Chain Race 7 de Mayo

Just as recently as the beginning of our journey, someone on our team said, “lighting never strikes twice in the same place.” I would like to refute that statement 100%. I will explain my stance on the subject when it comes time to cross that bridge, and being the elected blog master for this journey, I am the master in command of the keyboard, therefore I shall state my opinion openly, as I often do. Call it Karma, Murphy’s Law or just plain bad luck, to which I believe in neither of the abysses of that mythology. I will offer this statement: things happen for a purpose, both good and bad. It is how we as people react or reject the law of nature that defines who we are as people.

The morning began with a quick breakfast and a trip to the hardware store to gather a few items needed for today’s work on the community center. We knew ahead of time that a Mooking Fiesta was going to happen, but there was welding on the trusses for the roof, cutting out new larger windows, busting out the weak and cracked floor and some sketchy wiring preformed by one Pablo Francisco Valle Valle, our local Honduran electrician. We retain the electrical services of Senor Mater for most if not all of our projects. He bowed out on the opportunity to connect 220 volts to a 110 receptible while it was hot…

Our journey seems shorter today, quite possibly when we travel a distance multiple times, the sense of time will lessen and we will feel as though we have arrived quicker, but in actuality, we have spend the same amount of time in the process of the trip. Dividing up into several teams we did what we needed to do to move forward on the project. B-Rad, Jefe, Hondo mixed and packed the mook like the pros that they have become. Mater and I worked on sucking in the concrete dust while cutting out the new windows. Spanish Juan and Wilmer work in perfect unison as a Two Working As a Team, fondling the stinger electrode in joining the metal components together in the truss making process.

The local ladies once again prepared a feast to feed all of those working on the community center, spaghetti and all of the trimmings to fill our bellies. During the work stoppage, a brief 18 second monsoon drenched the barren ground, only to have been soaked up like a sponge. Once again returning to work until the mook was completely packed in every crevice. We gathered our tools and prepared for our journey to the Federation Villa…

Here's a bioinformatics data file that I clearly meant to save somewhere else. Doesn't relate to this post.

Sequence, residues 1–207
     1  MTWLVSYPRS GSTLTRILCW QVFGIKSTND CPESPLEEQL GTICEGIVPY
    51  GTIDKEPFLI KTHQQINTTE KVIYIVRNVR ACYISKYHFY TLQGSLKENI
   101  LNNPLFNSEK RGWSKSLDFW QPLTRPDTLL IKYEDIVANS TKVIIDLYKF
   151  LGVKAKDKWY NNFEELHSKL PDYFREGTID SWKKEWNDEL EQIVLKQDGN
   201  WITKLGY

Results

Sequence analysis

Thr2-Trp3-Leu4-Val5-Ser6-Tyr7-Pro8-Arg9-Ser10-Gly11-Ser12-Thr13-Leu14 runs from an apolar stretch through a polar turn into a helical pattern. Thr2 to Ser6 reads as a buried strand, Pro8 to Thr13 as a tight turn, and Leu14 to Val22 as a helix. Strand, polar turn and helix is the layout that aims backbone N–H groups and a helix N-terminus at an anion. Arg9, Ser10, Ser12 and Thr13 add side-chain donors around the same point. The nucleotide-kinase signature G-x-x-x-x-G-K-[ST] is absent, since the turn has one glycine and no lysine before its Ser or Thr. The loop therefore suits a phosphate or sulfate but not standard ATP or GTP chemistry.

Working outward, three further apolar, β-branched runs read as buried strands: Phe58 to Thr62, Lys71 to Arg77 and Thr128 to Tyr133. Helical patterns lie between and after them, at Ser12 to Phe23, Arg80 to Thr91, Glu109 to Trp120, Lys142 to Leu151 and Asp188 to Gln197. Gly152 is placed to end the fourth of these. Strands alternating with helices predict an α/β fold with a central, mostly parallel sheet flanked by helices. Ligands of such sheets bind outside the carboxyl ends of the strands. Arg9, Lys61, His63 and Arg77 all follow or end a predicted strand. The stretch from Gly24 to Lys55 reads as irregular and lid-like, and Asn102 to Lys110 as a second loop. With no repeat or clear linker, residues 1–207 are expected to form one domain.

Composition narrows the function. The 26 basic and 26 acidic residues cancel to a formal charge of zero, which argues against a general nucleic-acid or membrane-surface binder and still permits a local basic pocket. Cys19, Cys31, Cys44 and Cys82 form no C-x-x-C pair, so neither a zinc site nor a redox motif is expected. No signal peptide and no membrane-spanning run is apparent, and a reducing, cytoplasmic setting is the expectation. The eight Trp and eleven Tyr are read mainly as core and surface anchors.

It was at that point the normality of the day ended… There is truly two parts to our journey, the first is when we leave the community. It is very steep grades, both up and down. The trucks that we are being ferried in are older model mid-2000s Nissan Frontiers equipped with 4-wheel drive. Wilmer and Pablo are our hired guns from the Federation to Uber us from one stop to the next. Today, just as we ended the first phase of our journey, Wilmer pulled off the road and said that the truck’s engine was overheating. He popped the hood and as several sets of knowledgeable eyes glared at the hot mess, it appeared that one of the engine belt’s adjuster pulleys had fallen off at some point. Insert AM of the day here! We sat there for a few minutes while the locals put together a plan to deliver us to the compound. Break out a logging chain, tie two Nissan trucks together, frame to rear bumper, and there you have it folks… a Honduran chain race.

Pablo drug our stricken truck the remainder of the way down the mountain, beating and banging all the way to Wilmer’s shop for some late night repair work in his garage. Prior to leaving, we asked to stop by the Super Wal-mart for some restocking in snack supplies. Most were fearful that due to the delays and the tow job we had to endure, the trip would not happen. Pablo obliged us by dropping the team off to do our shopping. Candy, Chips, Hot Sause and strawberry milk (AKA one full quart of thick yogurt ex-lax) was stuffed into out little sacks and we reloaded into Pablo’s truck of salvation… Remember my opening statement: lighting never strikes twice? Low and behold his truck would not start… in the middle of main street. Insert the second AM of the day! That brought back a vivid memory of the time I was on a sighting trip with the Federation’s high priest… in a monsoon… in the middle of main street Quimistan…. the Auotbusdied and would not restart.

They gathered under the hood of the battered truck. Spanish Juan had some pliers, tapping and twisting wires together until a roar from the belly of the beast growled out the exhaust pipe, nearly killing every bug within a hundred meter radius, the passengers included. Once we arrived back at the Compound, Mater threw down a challenge, that the blog should be over the top… like it never is? I collected my thoughts and was drawn back to the days when the Europeans were first setting up camp in the new world. They had to literally bring all their supplies, even manure to fertilize their crops. Of course manure gives off an explosive byproduct, Methane gas. Many a ship blew up due the gas release. Once they had determined the cause of the the explosions, all manure was labeled Store High In Transit… There you have it, our afternoon in a nutshell. Until the next exciting adventure… Buenas Noches.

Marco Francisco Valle Valle


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